The overall goal when mixing a recording from a Sofar Sounds event is to to get an honest representation of the performance. This audio will be used for a video production, so keep it as real as possible. If it sounds too studio-like it won’t appear to be honest.
We make two separate outputs of audio:
- Artist approval – just the song to be loaded into Soundcloud for the artist to listen to
- Video sound – some introduction/pre-amble and audience clapping at the end
What the video people are looking for here is plenty of scope to work with. By that I mean leave plenty of audience reaction (clapping) and plenty of pre-amble (the talking before the song) in the final output. When it comes to video editing, it’s much simpler for them to use one continuous stream of audio and put the right visuals around it. They are very capable of fading in and out at the right start points. It’s best to leave it up to the video editor to choose the appropriate start and end points (we don’t need to assume this).
This performance by New Jungle Order is a good example what of what was needed to make the video complete.
Video Output Format
- File: 16 bit, 48 kHz uncompressed – (some) video people are very fussy about getting 48 kHz files. It’s best not to compress it at this stage as this video editing software will do so anyway. Compressing it multiple times will just make it sound worse anyway.
- Loudness: -14 LUFS – this is a rule of thumb, but, at this level Youtube will be happy.
- Limiting: -1 dB – make sure there are no peaks beyond -1 dB. This will reduce the chances of inter-sample distortion when being played back.
- Dithering: definitely – don’t ever forget to dither when creating 16 bit files from higher resolution material.
Artist Approval Sound
I use the same mix as I’ve done for video – I take the video output track and then do the following:
- Trim off any leading talk (pre-amble). I make the first note of the song the very beginning of the track.
- Fade out during the audience clapping – Gradually fade from half-way in the audience clapping until the end of the clapping.
- Normalise to -1 dB – This will be compressed so make sure don’t create any chances of inter-sample distortion.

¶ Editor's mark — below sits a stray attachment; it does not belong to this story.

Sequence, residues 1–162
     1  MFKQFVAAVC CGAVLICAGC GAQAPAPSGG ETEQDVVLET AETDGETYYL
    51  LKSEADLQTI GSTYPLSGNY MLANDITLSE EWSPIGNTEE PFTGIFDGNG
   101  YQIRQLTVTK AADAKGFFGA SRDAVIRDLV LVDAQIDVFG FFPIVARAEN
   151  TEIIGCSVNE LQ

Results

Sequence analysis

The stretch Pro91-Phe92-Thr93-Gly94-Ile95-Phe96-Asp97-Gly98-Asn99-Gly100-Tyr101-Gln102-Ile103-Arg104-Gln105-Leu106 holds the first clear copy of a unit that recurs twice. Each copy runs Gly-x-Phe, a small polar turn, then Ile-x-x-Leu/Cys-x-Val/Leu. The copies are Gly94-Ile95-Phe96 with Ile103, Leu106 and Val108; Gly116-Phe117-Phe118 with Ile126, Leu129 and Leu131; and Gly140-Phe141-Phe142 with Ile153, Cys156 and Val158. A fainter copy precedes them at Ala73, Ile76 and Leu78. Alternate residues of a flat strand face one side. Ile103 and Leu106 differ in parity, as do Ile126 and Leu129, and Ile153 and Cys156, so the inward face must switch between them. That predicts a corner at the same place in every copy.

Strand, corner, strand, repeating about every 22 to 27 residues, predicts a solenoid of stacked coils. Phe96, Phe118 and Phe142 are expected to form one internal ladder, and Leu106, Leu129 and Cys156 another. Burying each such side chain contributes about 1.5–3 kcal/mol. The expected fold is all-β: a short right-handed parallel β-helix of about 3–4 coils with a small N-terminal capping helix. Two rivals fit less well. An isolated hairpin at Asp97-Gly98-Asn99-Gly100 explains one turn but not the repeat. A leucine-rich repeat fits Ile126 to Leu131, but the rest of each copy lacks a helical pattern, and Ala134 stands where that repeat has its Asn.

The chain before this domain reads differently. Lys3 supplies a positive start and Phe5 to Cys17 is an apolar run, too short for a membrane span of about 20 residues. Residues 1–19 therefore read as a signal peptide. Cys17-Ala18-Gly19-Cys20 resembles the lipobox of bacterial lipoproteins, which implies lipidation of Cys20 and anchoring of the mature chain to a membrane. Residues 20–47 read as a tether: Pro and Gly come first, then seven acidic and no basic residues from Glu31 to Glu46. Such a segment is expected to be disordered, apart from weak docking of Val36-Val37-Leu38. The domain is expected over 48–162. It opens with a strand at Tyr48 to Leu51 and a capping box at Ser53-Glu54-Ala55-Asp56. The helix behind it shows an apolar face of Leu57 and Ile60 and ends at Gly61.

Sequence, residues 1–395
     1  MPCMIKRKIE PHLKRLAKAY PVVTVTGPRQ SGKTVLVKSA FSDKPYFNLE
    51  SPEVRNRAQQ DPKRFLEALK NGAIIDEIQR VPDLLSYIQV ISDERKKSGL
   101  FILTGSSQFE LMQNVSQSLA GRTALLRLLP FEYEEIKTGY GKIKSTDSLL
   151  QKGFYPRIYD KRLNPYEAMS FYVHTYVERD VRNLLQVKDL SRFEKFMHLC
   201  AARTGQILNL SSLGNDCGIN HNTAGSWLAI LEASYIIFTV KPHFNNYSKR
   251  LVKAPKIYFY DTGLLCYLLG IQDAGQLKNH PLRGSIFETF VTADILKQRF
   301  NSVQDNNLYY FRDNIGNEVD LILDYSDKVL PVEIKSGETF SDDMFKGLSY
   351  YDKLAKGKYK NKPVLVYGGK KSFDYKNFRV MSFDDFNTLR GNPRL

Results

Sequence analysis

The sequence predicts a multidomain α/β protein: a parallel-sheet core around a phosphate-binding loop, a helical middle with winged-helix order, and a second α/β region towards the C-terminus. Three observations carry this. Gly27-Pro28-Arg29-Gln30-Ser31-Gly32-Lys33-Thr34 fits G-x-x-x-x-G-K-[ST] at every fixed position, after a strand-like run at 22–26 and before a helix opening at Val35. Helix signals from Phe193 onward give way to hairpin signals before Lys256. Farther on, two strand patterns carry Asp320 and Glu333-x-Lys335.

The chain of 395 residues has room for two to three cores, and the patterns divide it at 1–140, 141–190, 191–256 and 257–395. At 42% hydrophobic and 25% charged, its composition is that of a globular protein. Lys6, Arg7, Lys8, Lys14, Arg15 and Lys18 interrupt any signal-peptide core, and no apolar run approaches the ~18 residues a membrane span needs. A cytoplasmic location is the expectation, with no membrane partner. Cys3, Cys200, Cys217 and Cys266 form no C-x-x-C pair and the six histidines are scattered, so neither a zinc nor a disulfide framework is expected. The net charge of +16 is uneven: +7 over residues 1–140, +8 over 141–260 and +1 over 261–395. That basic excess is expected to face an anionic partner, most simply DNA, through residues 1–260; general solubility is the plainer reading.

- Resample to 44.1 kHz – This is just to be more friendly with the likes of Soundcloud.
- Dither to 16 bit – Just to get the best sounding 16 bit file.
- Compress at 320 kbps AAC – AAC can be decoded by practically everything. Going for the maximum will yield the best results when uploading to Soundcloud.
I typically leave the audience mics playing through the whole track. By keeping some of the sound of the room in the final output, it makes the video sound a little more authentic. Specific things I do are:
- Automate the audience bus to drop around 12 dB during the actual song.
- Add a compressor to the audience bus which is side-chained from the vocal bus. Use this to take around 6 dB off the audience bus when people are talking in the vocal mics.
- It doesn’t hurt to make the audience mics a little brighter than what you think at first.
The most common configuration I use for audience mics is a pair of ribbon microphones in a mid-side configuration. To process this, I do the following:
- Route the “mid” track to the audience bus with a high-shelf EQ that boosts 9 dB (ish) around 6 kHz.
- Route the “side” track to the audience bus as well, plus:
- Use a high-shelf EQ to boost about 12-15 dB around 8 kHz
- Use a gently (6 dB / octave) high-pass filter around 160 Hz
- Use a utility plugin to convert this track to stereo
- Use a utility plugin to flip the phase on the right channel only
- Use an EQ on the audience bus to reduce the level of the “nodes” in the room
- Use a compressor to add a little more body to the audience sounds
Have a listen for phasing problems. This can be rather difficult in live scenarios like this. Sometimes it is better to mute a mic and work around the problem.